The other one that I think is a big takeaway from this is every single one of these options would allow for more audiences to be created on Facebook elements, and Facebook's really taken a beating for their pixel usage on website cookies and tracking. And so you know what doesn't have any of those restrictions is the Facebook interactive content, and the more users that can be kept on their properties, the better and long-lasting those advertising audiences will be.

So it won't be just engagement custom audiences in the future, it will be voted on a poll, it will be added a sticker to their story with yours on it or something, right? So it'll be more interactive and it will allow you as an advertiser to take advantage of those.

Austin Brawner: It's super interesting. Bezos famously said, "Your margin is my opportunity," and I see this kind of fight lining up with Facebook, Shopify, Amazon, in the sense that Facebook has made so much of their money from advertising and owning data and Shopify makes their money from transactions that are done on the site.

Ultimately, they both end up with incredible amounts of data and Shopify has got all your customer data. So, where's the margin? Right? The margin for Facebook is looking and targeting at the checkout that they could potentially provide on their own site, right, which is shifting it away from your website upstream to where people are actually learning about the products, because there's anywhere between 2 and 3% on every single transaction that they could be taking, which is interesting, and you can see why they want to move that there.

Andrew Foxwell: Yeah. I mean, I think that's one thing. I think you could clearly see an opportunity too where it's something like checkout powered by Shopify, right? Where you can't use the Facebook checkout function unless your catalog is brought in from, mostly through Shopify, right? You're going to use Shopify to make sure your product catalog is tied in. I think that's potentially another one.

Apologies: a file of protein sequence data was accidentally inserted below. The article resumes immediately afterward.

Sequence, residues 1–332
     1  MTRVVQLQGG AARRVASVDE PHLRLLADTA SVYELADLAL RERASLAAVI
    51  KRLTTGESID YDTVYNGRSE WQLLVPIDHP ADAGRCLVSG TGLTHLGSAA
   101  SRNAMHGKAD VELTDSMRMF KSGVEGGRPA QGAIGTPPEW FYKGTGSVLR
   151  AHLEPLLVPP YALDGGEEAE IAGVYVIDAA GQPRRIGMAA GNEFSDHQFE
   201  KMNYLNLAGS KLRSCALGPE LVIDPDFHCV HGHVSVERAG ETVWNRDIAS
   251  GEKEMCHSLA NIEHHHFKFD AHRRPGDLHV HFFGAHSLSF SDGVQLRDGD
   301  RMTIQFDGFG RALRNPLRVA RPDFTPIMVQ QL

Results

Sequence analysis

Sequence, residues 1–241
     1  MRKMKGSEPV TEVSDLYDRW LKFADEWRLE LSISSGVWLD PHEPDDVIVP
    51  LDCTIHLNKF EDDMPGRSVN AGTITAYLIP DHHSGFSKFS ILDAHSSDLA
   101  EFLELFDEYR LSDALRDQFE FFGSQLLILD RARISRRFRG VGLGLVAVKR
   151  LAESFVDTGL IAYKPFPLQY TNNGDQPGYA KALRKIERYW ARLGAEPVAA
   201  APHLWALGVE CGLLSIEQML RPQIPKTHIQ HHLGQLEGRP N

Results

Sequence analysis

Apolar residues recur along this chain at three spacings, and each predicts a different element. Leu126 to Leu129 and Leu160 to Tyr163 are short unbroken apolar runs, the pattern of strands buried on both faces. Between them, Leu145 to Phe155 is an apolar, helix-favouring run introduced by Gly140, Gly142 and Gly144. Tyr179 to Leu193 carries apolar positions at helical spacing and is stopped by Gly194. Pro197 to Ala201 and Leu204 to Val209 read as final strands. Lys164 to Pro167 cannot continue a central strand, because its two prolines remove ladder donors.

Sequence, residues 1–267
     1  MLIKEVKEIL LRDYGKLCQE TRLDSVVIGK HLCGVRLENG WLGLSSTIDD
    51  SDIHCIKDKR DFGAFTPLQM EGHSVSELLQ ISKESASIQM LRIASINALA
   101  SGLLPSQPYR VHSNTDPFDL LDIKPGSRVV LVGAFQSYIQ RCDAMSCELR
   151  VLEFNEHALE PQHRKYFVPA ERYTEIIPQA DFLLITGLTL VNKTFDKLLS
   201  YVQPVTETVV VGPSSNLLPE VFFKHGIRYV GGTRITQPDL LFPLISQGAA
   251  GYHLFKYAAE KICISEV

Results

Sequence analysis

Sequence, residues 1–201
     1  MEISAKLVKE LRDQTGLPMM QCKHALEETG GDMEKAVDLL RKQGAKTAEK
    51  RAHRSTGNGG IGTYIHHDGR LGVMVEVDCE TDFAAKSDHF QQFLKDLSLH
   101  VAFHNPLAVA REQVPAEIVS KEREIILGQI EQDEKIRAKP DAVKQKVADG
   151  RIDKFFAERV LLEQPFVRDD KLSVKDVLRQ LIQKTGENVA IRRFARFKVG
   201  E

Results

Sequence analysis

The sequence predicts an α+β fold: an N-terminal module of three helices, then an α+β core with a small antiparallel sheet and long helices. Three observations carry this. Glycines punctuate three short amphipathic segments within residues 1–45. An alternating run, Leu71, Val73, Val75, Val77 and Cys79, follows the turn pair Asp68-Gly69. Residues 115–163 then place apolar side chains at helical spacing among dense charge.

Another big takeaway is the importance of your product catalog in this and having ads that are served that are really product specific and not as much broad, here's our best sellers.

So anyway, it's kind of interesting. But when I read this I thought, you know what, the podcast audience needs to talk about and we need to get into this, and hopefully you found this interesting because I think it will make us all better if we think forward in terms of what are the things we need to be ready for as we plan. And if you're thinking about, "I've been on the line about hiring a designer" or something like that, right, this may be a part where you're saying that it's going to be only more important as time goes on, especially somebody that can do video, manipulate things in video, I think is going to be a huge shakeup on the competition.

Austin Brawner: Sure. Well, love to hear your guys' thoughts. Hit us up on Twitter. That would be the best place to air out your thoughts, grievances about Facebook or ideas about the future of Facebook ads. We'd love to hear it. Thanks so much for joining. Hope this is helpful. And we will talk to you guys on the next episode.

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Austin Brawner: What's up everybody? Welcome to another episode of the Ecommerce Influence Podcast. My name's Austin Brawner.

Andrew Foxwell: And I'm Andrew Foxwell. And let me tell you right out of the gates today, interesting little tidbit. There is a thunderstorm currently happening outside my window ...